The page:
The Internet teems with celebrity death rumors, disaster photo hoaxes and recession myth urban legends: Internet Scambusters #347
To celebrate summer, we opted for lighter fare this week. So this week’s issue has the lowdown on the latest bogus urban legends and hoaxes circulating, mainly on the Internet.
And in addition to our own urban legends update, we also have a countdown of what are said to be the 13 most enduring urban legends.
On to today’s main hoaxes…
Urban Legends and Hoaxes Straight from the News Headlines
As we warned in Scambusters Issue #342 last month, the deaths of top celebrities like Michael Jackson and Farrah Fawcett always prompts a surge of hoax and urban legends emails, often with links or attachments that you should never click because they’ll download malware onto your PC.
But that’s only the tip of the iceberg, as you will know if you’ve ever visited our Urban Legends and Hoaxes Resource Center.
And it’s not just lately-deceased big name stars who become the subjects of hoaxes, rumors and legends either. Sometimes, death hoaxes hit celebrities who are still very much alive, as our review of the latest urban legends and hoaxes shows.
We’ve put together a list of the latest — or at least the hottest — urban legends currently doing the rounds, plus some guidance on what you should do when you come across these or other stories that either stretch credibility or ask you to take some sort of action.
Celebrity death hoaxes
After the tragic deaths of Michael Jackson and Farrah Fawcett, rumors of the deaths of other celebrities began flying around.
Oprah Winfrey, Britney Spears, Rick Astley, Miley Cyrus, George Clooney and P. Diddy are the current top-rankers. And you can always count on presidents and other political leaders to be up there in the death-hoax charts too.
These may or may not be attempts to get you to load viruses and other malware on to your computer. If not, why on earth would anyone start these tales in the first place? Beats us.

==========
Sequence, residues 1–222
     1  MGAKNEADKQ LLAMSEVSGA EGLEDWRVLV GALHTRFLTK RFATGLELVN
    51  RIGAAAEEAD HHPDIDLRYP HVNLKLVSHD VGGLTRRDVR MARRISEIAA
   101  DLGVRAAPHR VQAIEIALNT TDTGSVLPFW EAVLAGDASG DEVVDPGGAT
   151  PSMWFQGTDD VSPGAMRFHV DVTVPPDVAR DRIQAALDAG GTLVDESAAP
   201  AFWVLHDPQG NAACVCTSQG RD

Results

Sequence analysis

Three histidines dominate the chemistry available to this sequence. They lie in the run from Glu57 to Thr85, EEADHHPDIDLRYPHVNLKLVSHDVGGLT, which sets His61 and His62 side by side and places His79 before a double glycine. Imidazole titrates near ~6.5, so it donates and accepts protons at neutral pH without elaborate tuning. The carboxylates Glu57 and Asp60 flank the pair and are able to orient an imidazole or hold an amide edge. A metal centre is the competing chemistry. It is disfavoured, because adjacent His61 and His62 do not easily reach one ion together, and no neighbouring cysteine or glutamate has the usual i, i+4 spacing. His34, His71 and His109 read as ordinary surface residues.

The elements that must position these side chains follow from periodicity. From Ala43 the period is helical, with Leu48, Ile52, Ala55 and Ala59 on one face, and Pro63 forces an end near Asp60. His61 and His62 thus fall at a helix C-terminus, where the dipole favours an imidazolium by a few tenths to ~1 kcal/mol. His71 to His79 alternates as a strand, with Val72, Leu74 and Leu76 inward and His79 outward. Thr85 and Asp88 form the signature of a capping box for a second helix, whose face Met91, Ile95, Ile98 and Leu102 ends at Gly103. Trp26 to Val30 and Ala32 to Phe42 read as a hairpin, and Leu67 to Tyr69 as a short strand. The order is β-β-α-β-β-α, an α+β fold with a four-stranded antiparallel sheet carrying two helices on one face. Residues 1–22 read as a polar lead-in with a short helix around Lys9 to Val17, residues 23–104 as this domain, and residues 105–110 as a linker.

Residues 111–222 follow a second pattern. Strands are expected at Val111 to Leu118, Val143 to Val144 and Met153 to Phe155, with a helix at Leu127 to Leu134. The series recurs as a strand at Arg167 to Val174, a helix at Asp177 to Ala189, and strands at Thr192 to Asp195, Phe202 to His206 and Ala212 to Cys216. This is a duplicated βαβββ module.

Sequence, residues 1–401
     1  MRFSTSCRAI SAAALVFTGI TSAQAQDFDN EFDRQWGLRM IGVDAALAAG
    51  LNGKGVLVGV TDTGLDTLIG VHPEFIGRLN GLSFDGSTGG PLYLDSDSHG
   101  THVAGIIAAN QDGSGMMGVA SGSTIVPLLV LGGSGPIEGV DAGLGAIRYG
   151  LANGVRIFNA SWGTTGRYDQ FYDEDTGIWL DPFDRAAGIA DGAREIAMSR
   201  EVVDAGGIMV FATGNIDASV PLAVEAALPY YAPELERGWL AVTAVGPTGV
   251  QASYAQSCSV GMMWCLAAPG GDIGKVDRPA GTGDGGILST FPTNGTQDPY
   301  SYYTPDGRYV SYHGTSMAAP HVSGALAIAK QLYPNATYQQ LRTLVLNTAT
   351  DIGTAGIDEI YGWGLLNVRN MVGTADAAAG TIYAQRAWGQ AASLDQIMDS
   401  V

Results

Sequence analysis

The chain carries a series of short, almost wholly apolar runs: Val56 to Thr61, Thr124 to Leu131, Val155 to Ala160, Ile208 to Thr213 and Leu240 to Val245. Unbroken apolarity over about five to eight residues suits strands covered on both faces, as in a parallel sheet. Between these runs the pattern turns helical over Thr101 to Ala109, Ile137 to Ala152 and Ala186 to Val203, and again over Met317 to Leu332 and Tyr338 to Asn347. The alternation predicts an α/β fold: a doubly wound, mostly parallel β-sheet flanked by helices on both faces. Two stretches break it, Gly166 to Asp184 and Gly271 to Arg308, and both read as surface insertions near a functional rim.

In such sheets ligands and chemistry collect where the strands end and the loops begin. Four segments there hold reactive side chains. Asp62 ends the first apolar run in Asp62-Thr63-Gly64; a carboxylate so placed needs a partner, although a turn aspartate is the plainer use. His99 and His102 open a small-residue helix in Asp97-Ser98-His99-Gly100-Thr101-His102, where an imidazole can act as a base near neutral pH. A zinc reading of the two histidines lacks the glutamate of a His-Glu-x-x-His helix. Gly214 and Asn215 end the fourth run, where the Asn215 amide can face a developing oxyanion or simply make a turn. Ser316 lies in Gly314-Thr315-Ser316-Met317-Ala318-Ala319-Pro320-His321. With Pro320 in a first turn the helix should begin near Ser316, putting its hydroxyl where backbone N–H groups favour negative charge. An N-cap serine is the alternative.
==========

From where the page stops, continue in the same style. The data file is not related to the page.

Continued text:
Disaster photo hoaxes
Rumored existence of photos of the body of Michael Jackson immediately after his death calls to mind a similar tale following the assassination of John Lennon.
The latest hoaxes involving non-existent photos include an email about the Air France flight that crashed into the Atlantic on June 1.
The email has two photos supposedly taken inside the passenger cabin just before the crash, claiming they were recovered from a memory stick found in the debris from the crash.
In fact, the photos are publicity shots from the TV series Lost. They’ve been circulating since 2006 and have been used in hoaxes about other air disasters.
Are state governments banning business trips to resorts?
In the wake of the recession, reports are circulating that several states have banned their employees from traveling out of state on business or even within the individual states themselves if the destination is a resort area.
Allegedly, they don’t want employees to be seen having a good time while the rest of us are suffering.
Most recently, California’s State and Consumer Services Agency (SCSA) denied a widely circulated email that said SCSA employees had been banned from making such trips.
Tourist industry officials are worried the rumors will lead to a drop in business. No such bans have been put into effect.
Trump publicity stunt was believed to be real
Wrestling fans and investors were excited or angry — depending on their point of view — about a recent story that billionaire Donald Trump had bought the TV show RAW from World Wrestling Entertainment promoter Vince McMahon.
The rumor gained credibility when McMahon and TV’s USA Network announced just such a deal.